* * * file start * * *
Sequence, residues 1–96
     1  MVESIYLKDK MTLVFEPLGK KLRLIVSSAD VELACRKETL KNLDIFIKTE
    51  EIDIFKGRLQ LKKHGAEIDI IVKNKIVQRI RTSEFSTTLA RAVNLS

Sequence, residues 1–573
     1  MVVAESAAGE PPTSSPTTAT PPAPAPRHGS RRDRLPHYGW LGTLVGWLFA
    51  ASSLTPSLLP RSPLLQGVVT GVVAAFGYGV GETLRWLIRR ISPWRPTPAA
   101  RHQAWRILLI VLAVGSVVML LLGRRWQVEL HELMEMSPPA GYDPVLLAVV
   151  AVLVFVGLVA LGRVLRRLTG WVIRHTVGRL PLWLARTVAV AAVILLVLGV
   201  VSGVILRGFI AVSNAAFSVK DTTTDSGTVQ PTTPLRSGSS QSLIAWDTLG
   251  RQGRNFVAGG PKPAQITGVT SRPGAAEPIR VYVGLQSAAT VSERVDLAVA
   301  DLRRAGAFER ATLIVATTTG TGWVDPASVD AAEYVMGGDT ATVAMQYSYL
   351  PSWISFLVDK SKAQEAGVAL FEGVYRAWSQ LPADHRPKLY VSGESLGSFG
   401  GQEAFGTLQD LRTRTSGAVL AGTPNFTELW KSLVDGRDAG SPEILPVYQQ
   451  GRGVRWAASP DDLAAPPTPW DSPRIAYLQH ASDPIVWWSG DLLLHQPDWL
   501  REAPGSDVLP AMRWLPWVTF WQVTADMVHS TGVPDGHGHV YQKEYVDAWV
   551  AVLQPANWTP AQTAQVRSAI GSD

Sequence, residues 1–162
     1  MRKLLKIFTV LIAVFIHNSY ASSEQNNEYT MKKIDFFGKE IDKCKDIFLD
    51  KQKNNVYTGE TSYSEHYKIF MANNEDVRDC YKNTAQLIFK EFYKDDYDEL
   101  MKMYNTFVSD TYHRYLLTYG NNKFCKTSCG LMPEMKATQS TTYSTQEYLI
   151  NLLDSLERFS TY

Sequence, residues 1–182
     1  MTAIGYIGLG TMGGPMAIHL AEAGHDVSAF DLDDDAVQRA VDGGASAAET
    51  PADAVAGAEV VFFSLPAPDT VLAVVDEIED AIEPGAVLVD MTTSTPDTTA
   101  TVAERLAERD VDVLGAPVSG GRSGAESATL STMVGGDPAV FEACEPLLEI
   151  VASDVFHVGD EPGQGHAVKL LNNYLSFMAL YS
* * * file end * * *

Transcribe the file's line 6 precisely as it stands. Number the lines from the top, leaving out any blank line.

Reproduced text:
    51  ASSLTPSLLP RSPLLQGVVT GVVAAFGYGV GETLRWLIRR ISPWRPTPAA